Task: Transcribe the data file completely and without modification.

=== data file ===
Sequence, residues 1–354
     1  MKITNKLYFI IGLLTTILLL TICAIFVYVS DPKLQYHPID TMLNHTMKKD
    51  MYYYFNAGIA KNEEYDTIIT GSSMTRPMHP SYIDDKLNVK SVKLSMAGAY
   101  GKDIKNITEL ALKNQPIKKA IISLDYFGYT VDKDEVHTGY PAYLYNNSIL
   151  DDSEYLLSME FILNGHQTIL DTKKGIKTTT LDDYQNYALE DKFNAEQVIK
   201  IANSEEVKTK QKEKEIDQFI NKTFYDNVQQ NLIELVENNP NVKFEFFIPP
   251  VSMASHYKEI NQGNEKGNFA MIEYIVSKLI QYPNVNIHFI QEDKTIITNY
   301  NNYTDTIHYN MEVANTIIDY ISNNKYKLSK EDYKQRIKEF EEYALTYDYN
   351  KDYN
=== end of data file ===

Sequence, residues 1–354
     1  MKITNKLYFI IGLLTTILLL TICAIFVYVS DPKLQYHPID TMLNHTMKKD
    51  MYYYFNAGIA KNEEYDTIIT GSSMTRPMHP SYIDDKLNVK SVKLSMAGAY
   101  GKDIKNITEL ALKNQPIKKA IISLDYFGYT VDKDEVHTGY PAYLYNNSIL
   151  DDSEYLLSME FILNGHQTIL DTKKGIKTTT LDDYQNYALE DKFNAEQVIK
   201  IANSEEVKTK QKEKEIDQFI NKTFYDNVQQ NLIELVENNP NVKFEFFIPP
   251  VSMASHYKEI NQGNEKGNFA MIEYIVSKLI QYPNVNIHFI QEDKTIITNY
   301  NNYTDTIHYN MEVANTIIDY ISNNKYKLSK EDYKQRIKEF EEYALTYDYN
   351  KDYN